Stocks across Asia Pacific rallied as investors were cheered by the results of a US trial for a coronavirus vaccine and hopes that economies around the world could gradually begin reopening as harsh lockdowns are eased.
That optimism helped overshadow growing concerns over a deepening US-China rift, with Huawei emerging as a significant source of tension. In the latest development, the Chinese telecoms company has warned that new sanctions from Washington put its survival at stake.
Hong Kong’s benchmark Hang Seng index was up 2.1 per cent in midday trading on Tuesday while China’s CSI 300 index of Shanghai and Shenzhen-listed stocks added 0.6 per cent. Japan’s Topix index climbed 1.7 per cent and Australia’s S&P/ASX 200 gained 1.8 per cent.
That followed a buoyant session on Wall Street, where the S&P 500 rallied 3.2 per cent to its highest level since early March. Sentiment got a shot in the arm after biotech company Moderna said its potential Covid-19 vaccine had delivered positive results in early small-scale human trials.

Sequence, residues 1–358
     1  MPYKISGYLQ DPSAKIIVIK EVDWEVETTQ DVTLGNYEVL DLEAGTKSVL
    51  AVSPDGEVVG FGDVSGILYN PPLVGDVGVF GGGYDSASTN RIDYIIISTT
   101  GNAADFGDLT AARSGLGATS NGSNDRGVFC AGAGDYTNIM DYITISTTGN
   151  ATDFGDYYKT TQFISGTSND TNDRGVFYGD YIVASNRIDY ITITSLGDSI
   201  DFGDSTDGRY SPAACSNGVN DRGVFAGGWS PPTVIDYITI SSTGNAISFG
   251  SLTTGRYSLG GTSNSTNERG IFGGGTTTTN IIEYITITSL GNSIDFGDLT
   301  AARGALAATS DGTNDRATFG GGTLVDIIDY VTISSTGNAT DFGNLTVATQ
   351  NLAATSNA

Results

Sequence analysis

Expectations for an economic rebound from the pandemic, in part due to robust support measures by large central banks, have helped drive a sharp rise in global stock markets. The S&P 500 is up about a third from a low hit in late March.
Policymakers in Germany said this week that there were indications “a recovery is under way”, raising the possibility of a stronger-than-hoped performance for European economies as they resume business and industrial activity.
However, futures markets suggested that the rally in equity markets could fizzle when trading begins on Wall Street later in the day, with the S&P 500 expected to fall 0.4 per cent. London’s FTSE 100 was tipped to drop 0.3 per cent.
Oil prices also lost momentum, after a rally on Monday spurred by signs that crude demand was picking up and supply cuts led by Opec had begun to take effect.
West Texas Intermediate, the US marker, rose 0.4 per cent to $31.94 a barrel after jumping 8 per cent a day earlier and back above the $30 mark for the first time since mid-March. Brent crude, the international benchmark, dropped 0.6 per cent to $34.59 a barrel.